I’m surprised at your work setup, especially at your income level. Will your new place have a dedicated office? I couldn’t imaging not a dedicated space and my 3-monitor setup with 1 of those monitors (vertical orientation) dedicated to Clickup.

    Also, your husband doesn’t mind the 7-day work week? I feel like I could put in more hours than what I work but it probably wouldn’t be good for my marriage (haha).

    • Hi Ivo,
      Oh, yeah, I totally want to upgrade my office setup once we move. I’m thinking of an ultra-wide screen rather than 2-3 separate monitors, but we’ll see how that goes. My husband is more sensitive to noise and disruptions, so right now he has an enclosed office room and I’m here in the more “public” area of our home. The Illinois home is much larger, so we’re going to try and get two offices going. We haven’t actually been to the house yet, so we’re waiting to get there and see which rooms would work best as an office.

      As for work hours, my husband is more of a workaholic than I am, and is deeply committed to the business. I’m typically the one pushing for taking days off and doing some sightseeing. He prefers to keep on working. All in all, the 7-days setup seems to work for both of us.

  5. Hi Anne,

    Thanks for giving us a tour of your work day/routine. I so needed this. Running a media/publishing business and, that too, from your home office is really challenging.

    I always wanted to ask you about your work routine but never knew if we could reach out to you. And, how that I know it is possible, please allow me to ask something else (maybe a post idea for the next Yeys article!).


    In the article, you mentioned you interact with your “Head of Production Division, Head of Publication Division and COO.”

    For someone like me (who is, businesswise, maybe 5 years behind where you are now) it would be really helpful if you can write a post on

    1) how you assigned these roles (it would be even more awesome if you could share your team structure),
    2) how do they help you (what work do they do),
    3) When did you think it was time to get these (because normal publishers don’t have such positions in their business),
    4) From where did you get the idea of these roles (like before I read your article, I didn’t even know we could have these roles in the publishing business),
    5) How did you hire them? (the process/what to look for, what to ask etc. & place to hire them)
    6) If it is okay, please reveal the exact or approx. salary structure (I know this might not be possible, but since I’ve seen you revealing writer fees I felt like asking this, you can ignore if this is not possible).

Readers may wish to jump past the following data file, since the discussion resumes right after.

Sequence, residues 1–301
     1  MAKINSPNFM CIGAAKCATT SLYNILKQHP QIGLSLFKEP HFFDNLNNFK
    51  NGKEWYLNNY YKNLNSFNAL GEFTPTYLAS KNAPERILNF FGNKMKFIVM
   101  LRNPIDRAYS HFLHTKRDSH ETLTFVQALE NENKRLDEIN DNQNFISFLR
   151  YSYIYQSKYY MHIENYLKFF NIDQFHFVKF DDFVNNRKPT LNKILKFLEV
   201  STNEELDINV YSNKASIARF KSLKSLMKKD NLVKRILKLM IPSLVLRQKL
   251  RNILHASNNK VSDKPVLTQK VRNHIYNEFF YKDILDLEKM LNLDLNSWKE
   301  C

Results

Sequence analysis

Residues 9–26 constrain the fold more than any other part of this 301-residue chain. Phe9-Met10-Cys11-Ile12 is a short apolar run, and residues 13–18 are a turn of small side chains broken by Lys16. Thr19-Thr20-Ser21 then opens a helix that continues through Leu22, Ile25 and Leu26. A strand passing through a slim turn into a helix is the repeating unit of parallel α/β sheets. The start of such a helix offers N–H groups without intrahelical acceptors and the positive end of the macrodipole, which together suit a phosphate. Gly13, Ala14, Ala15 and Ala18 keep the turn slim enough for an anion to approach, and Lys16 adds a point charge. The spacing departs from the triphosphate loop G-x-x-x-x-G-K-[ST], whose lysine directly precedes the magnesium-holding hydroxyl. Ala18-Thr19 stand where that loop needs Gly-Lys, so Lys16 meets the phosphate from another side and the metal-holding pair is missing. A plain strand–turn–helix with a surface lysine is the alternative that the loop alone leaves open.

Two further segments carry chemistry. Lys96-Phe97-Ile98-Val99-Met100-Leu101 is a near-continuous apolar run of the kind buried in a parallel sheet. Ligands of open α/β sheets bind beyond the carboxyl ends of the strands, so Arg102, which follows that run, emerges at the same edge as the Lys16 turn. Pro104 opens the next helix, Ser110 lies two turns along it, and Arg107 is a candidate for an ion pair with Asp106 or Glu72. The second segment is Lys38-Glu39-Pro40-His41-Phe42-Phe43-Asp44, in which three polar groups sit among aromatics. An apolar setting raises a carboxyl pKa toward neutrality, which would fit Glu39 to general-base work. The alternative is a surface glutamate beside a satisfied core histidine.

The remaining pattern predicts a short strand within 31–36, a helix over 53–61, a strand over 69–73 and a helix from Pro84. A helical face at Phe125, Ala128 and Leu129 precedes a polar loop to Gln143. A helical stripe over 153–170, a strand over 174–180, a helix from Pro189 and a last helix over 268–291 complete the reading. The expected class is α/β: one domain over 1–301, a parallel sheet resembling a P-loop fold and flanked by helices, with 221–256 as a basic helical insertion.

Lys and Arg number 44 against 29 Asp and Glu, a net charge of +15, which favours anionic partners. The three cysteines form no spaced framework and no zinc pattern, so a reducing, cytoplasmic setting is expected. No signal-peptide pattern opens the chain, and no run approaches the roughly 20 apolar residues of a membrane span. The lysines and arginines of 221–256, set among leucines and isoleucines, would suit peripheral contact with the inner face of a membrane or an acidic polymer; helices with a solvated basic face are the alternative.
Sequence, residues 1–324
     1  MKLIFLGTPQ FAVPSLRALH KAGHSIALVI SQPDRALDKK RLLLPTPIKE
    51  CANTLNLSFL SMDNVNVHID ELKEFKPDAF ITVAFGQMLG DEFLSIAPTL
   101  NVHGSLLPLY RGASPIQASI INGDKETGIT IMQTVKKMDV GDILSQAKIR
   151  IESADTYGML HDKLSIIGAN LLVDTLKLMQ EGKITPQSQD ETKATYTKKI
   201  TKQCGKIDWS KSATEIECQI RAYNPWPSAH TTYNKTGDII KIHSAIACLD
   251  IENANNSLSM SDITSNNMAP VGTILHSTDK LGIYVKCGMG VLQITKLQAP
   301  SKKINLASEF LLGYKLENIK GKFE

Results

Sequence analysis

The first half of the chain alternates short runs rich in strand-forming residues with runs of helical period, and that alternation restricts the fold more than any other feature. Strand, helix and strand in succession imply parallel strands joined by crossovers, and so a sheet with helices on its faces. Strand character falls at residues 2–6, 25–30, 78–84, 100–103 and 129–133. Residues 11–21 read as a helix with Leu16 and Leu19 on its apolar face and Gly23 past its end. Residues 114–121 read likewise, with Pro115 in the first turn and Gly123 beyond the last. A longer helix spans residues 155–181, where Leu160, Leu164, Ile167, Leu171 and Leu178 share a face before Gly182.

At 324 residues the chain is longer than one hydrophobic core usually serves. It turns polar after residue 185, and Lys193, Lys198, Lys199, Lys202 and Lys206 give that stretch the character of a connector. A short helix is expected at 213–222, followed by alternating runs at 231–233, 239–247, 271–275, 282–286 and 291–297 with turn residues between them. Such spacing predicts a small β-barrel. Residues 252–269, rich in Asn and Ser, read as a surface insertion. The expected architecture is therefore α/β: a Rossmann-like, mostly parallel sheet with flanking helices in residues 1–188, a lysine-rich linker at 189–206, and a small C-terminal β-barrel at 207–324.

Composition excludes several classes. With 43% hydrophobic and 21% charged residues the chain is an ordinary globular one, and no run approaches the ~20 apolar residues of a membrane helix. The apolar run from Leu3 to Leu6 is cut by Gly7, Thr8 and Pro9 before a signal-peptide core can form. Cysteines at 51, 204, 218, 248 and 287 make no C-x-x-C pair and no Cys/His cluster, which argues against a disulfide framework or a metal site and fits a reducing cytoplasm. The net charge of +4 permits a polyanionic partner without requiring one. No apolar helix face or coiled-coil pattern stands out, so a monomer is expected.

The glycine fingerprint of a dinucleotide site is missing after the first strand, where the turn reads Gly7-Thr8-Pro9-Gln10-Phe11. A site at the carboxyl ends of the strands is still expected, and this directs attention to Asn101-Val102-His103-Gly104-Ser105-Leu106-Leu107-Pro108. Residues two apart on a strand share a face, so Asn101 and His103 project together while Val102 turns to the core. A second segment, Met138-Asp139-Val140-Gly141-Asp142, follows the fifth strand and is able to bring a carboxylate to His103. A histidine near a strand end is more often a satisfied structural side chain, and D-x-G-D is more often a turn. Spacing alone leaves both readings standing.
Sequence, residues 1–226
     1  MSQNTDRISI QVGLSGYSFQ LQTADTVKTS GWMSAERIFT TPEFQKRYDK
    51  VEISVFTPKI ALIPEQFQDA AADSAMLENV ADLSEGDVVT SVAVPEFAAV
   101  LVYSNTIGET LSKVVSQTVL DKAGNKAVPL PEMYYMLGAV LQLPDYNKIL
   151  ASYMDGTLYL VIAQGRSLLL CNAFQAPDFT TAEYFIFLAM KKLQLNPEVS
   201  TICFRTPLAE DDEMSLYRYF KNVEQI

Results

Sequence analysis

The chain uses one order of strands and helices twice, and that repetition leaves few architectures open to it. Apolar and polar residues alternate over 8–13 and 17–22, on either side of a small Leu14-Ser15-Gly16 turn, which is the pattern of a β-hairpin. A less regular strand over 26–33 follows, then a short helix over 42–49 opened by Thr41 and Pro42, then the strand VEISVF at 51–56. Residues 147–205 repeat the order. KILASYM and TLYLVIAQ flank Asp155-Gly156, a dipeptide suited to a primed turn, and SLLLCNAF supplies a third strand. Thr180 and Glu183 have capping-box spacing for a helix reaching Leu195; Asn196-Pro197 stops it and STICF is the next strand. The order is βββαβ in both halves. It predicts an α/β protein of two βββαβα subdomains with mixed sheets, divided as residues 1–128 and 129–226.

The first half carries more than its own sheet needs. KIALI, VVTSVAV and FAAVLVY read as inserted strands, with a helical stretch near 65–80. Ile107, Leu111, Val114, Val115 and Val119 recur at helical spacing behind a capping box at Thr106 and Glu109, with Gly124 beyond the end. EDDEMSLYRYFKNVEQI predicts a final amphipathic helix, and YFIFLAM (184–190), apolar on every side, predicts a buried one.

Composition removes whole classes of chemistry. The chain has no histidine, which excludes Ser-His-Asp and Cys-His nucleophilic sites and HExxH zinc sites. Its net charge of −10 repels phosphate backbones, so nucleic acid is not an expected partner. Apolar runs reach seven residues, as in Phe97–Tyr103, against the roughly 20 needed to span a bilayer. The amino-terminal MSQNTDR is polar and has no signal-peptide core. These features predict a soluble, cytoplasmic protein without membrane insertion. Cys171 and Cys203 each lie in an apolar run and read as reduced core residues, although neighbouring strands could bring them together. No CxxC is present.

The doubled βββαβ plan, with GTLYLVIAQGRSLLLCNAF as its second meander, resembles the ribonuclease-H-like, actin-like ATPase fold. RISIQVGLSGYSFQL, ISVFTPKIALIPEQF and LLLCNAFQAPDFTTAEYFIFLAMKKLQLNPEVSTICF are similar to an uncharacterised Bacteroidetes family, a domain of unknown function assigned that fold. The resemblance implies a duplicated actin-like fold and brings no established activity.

7) How are these roles different from normal roles we have like editors or editor in chief.
    8) Anything else you’d like us to know.

    Anne, thanks so much for making all these information (like the current blog post, your Clickup setup, etc.) for us. I feel giving someone a realtime business overview like you do and helping them grow is a really good thing. Thank you.

    • Hi Swadhin,
      Interesting questions and thanks for bringing them up! I think that for most blog readers, the “company setup” may be too much. Also, like you said, this would probably be too much for me to share here. Maybe in a forum thread over at the Fat Stacks forums. If you’re a member, feel free to ask me there and we can hash things there. If you’re not a member, you’ll have to buy Jon’s course when it opens up again – you can sign up here to get a notification once registration is open again.

      I will say here that I don’t think the titles matter much. We just tried to create a structure that will capture our work process and allow us to scale. The titles were secondary to that. Our company structure isn’t unique or special. The important thing here, IMO, is to have some kind of structure in place that allows your organization to keep growing as you scale.

      • Thank you so much for replying, Anne.

        I’m not a member of the course.. I think I missed it by a day or two (Jon recently had opened up the course, I think). However, I’ve joined the waiting list!

        I agree with you on having some kind of structure. But, since I’ve never done this and I want to scale my current business, it would be awesome if I could learn anything from you.

        Thanks again.. 🙂


  6. Thanks for sharing, Anne!
    It’s always interesting to get a peek into other people’s routines! I too get distracted a lot and the short springs (Pomodoro’s) work great!

    • Thanks for stopping by, Morten! I’d love to hear more about your routine, maybe in a future video? Time management has to be challenging, in between your sites, course, traveling, and most importantly, the family!

  7. Thanks for this post Anne, it’s so insightful on many levels.

    More than happy you thought my questions worthy of a full post :))

  8. Hey Anne,

    Niall from ebizfacts referred me to your income reports, and now I find myself reading about your routine haha. I feel like you aren’t too hard on yourself which is awesome, and probably prevents burnout…well helps at least.

    Congrats on the 150k milestone. I’ll keep chipping away and checking in on ya posts for motivation.


  9. Reading your posts and stories, and even your income reports is always a soothing exercise for me. It’s like listening to a good friend even though I don’t know you but I really admire what you have done with your business.

    I’m about to turn 36 in a few days and come from Fat Stacks. I wish I could have your business success by the time I hit 50.